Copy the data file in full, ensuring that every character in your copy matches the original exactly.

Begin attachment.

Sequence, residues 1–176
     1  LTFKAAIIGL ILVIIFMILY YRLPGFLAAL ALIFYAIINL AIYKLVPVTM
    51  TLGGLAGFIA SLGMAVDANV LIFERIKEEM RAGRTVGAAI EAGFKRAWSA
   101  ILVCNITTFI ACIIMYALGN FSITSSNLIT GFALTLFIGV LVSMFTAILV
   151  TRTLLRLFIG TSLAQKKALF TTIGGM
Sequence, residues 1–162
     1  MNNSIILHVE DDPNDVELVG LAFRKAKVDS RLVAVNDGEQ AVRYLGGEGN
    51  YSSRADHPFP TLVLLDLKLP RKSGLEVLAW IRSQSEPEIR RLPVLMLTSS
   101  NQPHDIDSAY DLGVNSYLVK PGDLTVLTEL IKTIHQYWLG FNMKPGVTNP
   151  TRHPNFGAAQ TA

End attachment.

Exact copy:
Sequence, residues 1–176
     1  LTFKAAIIGL ILVIIFMILY YRLPGFLAAL ALIFYAIINL AIYKLVPVTM
    51  TLGGLAGFIA SLGMAVDANV LIFERIKEEM RAGRTVGAAI EAGFKRAWSA
   101  ILVCNITTFI ACIIMYALGN FSITSSNLIT GFALTLFIGV LVSMFTAILV
   151  TRTLLRLFIG TSLAQKKALF TTIGGM
Sequence, residues 1–162
     1  MNNSIILHVE DDPNDVELVG LAFRKAKVDS RLVAVNDGEQ AVRYLGGEGN
    51  YSSRADHPFP TLVLLDLKLP RKSGLEVLAW IRSQSEPEIR RLPVLMLTSS
   101  NQPHDIDSAY DLGVNSYLVK PGDLTVLTEL IKTIHQYWLG FNMKPGVTNP
   151  TRHPNFGAAQ TA